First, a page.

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Late Seventeenth-Century Alterations to Measure for Measure
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Isabella's character remains one of the central preoccupations of critics of Shakespeare's Measure for Measure. Specifically, her attitude towards her brother's conduct and her participation in the bed-trick has led scholars to characterize her as cold, unforgiving, morally questionable, and inconsistent. Although these studies have done much to advance our understanding of her problematic nature, they neglect two of the earliest statements we have regarding Shakespeare's play: a pair of late seventeenth-century adaptations of it. Sir William Davenant's The Law Against Lovers (1662) and Charles Gildon's Measure for Measure, or Beauty the Best Advocate (1700) reveal the concerns these early modern playwright-critics had with the issues of morality raised by Shakespeare's original. Davenant and Gildon change Isabella's character to remove the morally ambiguous nature of her actions. Their alterations suggest that they had concerns beyond decorum or the desire to entertain their audience. They suggest they regarded the moral (in the didactic sense) of the original to be fundamentally flawed, or that they feared their audiences would see it as being so, particularly in the case of Isabella.

A moral-philosophical analysis of these plays, and of Isabella over time, might seem unnecessary in the light of two recent essays that urge scholars to stop regarding the conclusion of Shakespeare's play as problematic. Foregrounding politics and ideology, Jonathan Dollimore claims there is no problem in the play. The Duke's coercion of Isabella and their subsequent assumed marriage demonstrate Shakespeare's real message: the ultimate triumph of secular over religious authority (83). Kathleen McLuskie argues we need not trouble ourselves too much with Shakespeare's conclusion, which is no more implausible than any other romantic comedy of the period. She also observes that we have no reason to privilege how we think early modern viewers might have interpreted the play, which is ultimately unrecoverable (94). These statements are welcome and important if only because they challenge us to reconsider our positions on this play. Davenant's and Gildon's adaptations, however, would seem directly to refute such claims. Neither adaptation depicts Isabella as the passive victim of a monarch who manipulates her so completely that she is not morally accountable for her actions. Both Davenant and Gildon were extremely familiar with early modern romantic comedies, and yet both independently decided that the ending of Measure for Measure could not be performed as originally written; to them it was, in fact, more implausible (and morally dangerous) to audiences than other romantic comedies were. The fact that Davenant and Gildon targeted the features that the overwhelming majority of modern critics regard as being the most problematic suggests we might benefit from attending to how these early modern critic-adapters sought to "solve" this play and how they altered Isabella's character.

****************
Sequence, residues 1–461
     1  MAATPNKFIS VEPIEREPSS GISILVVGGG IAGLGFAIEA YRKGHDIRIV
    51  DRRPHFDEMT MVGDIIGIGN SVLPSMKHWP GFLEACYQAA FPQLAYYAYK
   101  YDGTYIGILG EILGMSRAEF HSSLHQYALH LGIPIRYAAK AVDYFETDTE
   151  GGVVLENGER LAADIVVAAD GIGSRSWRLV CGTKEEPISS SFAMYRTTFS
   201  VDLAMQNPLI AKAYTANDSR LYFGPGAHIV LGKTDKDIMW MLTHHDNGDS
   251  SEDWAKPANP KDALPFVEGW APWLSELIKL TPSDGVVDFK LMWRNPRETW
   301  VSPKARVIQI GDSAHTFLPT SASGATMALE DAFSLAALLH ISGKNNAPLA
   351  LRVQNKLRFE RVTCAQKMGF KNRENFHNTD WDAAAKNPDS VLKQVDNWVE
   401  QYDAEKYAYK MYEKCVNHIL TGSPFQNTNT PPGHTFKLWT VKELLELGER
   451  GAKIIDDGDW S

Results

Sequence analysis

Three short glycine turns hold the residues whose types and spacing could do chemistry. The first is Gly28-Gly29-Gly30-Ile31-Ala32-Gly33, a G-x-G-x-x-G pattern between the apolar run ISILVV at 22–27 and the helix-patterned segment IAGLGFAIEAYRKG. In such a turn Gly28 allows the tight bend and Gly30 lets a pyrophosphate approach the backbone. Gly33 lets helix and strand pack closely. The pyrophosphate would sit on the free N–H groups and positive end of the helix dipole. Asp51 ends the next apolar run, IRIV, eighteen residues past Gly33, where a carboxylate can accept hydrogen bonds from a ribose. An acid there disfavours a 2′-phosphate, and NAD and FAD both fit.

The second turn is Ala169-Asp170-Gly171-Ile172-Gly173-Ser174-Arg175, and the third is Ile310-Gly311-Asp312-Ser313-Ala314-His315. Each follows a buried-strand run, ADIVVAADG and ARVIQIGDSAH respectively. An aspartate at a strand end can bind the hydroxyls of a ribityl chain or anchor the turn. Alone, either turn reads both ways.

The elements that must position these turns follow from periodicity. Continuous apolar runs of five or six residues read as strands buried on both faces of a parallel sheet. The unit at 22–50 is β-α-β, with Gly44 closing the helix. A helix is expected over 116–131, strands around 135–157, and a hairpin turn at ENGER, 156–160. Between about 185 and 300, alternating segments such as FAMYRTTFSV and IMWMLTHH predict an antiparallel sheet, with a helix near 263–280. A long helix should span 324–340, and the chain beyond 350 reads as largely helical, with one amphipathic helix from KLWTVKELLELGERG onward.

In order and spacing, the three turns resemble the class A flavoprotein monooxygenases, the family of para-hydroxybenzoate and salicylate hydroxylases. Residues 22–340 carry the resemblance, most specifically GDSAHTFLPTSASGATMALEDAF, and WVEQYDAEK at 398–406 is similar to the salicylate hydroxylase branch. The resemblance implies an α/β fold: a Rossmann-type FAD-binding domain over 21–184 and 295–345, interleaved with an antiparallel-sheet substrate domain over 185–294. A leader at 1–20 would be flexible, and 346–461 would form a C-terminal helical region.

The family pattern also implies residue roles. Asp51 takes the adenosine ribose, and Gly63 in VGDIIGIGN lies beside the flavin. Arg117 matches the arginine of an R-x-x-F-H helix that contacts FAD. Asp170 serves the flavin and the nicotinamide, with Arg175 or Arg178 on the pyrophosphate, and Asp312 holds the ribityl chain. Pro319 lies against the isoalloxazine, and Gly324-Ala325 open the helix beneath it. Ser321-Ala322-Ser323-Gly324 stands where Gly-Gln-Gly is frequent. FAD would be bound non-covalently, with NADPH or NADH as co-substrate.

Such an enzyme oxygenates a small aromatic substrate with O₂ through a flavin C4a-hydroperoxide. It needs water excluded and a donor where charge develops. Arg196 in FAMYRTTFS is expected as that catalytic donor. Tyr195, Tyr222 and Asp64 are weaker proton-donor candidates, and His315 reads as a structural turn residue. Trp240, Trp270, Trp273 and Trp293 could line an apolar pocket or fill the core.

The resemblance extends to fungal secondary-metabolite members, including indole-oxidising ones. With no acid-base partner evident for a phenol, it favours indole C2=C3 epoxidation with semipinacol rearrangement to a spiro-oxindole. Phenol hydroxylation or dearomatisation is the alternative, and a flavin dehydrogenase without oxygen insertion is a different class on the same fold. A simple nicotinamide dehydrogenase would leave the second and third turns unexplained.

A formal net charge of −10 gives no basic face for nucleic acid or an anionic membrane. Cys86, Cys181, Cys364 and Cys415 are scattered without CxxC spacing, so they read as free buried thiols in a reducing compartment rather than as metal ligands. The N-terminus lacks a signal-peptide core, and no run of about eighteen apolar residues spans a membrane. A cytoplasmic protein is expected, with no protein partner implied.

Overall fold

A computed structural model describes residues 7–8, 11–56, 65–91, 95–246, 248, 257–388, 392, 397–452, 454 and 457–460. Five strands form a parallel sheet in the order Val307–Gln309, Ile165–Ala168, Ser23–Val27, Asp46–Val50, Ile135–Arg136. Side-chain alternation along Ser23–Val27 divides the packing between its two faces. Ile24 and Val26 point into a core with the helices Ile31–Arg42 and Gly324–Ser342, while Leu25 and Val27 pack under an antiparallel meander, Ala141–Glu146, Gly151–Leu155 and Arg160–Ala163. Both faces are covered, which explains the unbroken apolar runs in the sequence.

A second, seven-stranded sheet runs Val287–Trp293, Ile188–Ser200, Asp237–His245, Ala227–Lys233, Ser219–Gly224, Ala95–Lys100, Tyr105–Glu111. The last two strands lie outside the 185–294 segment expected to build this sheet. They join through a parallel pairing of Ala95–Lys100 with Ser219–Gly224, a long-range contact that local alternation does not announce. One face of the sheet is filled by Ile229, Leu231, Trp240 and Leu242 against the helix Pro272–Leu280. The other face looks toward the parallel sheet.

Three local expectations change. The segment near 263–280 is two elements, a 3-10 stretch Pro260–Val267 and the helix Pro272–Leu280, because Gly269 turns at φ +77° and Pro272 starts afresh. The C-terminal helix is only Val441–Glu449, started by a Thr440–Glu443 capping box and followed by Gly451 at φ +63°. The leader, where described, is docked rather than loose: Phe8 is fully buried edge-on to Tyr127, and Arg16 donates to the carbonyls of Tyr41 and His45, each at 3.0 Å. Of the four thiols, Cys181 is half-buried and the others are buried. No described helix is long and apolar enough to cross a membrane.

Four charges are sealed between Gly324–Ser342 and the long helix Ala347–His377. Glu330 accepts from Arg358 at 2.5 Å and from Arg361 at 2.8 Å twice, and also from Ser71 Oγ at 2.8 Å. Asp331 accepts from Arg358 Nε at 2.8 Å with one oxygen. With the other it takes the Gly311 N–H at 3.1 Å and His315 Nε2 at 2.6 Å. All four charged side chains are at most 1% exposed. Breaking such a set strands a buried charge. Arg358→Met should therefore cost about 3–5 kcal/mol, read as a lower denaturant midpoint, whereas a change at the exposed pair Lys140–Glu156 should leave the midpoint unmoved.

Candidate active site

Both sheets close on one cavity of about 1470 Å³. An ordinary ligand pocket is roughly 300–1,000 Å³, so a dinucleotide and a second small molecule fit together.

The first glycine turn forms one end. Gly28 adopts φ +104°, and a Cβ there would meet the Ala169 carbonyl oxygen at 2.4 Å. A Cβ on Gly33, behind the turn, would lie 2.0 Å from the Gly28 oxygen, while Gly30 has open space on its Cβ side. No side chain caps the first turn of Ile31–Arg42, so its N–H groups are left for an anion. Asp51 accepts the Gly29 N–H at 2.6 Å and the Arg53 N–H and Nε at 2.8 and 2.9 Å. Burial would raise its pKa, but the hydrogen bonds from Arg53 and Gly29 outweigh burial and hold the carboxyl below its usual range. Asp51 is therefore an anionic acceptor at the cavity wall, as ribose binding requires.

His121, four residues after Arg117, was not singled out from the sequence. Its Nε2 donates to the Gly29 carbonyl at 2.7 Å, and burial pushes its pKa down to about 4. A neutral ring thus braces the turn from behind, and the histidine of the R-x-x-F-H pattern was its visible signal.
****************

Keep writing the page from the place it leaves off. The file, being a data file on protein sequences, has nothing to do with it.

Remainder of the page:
How do Davenant and Gildon change Measure for Measure to solve the problem of Isabella? Davenant began by removing obscenities according to the terms of his patent and by crafting a play that Restoration audiences would find entertaining. His revisions were influenced not only by the need to enhance the play's popularity in order to draw in an audience, but also by the dictates of contemporary genre and theory; specifically, he adheres to a tragicomic model, which employs a split plot and mixes elements of mirth and grief in order to produce a happy ending. The tragicomic form compelled him to fix the problems of the marriage and the bed-trick by removing them altogether, although he ultimately fails to resolve doubts about Isabella's virtue; she still suggests a bed-trick, only this time it is of her own invention, and she suggests it directly to Juliet in Act 4. Influenced by neo-Aristotelian critical theory and Jeremy Collier's anti-theatrical writings, Gildon included both the Marianna story and the bed-trick as he revised the marital relationships between the couples to add what he considered to be poetic justice and a correct moral to the play. Driven by the desire to correct the morality of the play for his audiences, Gildon ultimately succeeds in redeeming Isabella.

Recognizing that these late seventeenth-century adapters were making...

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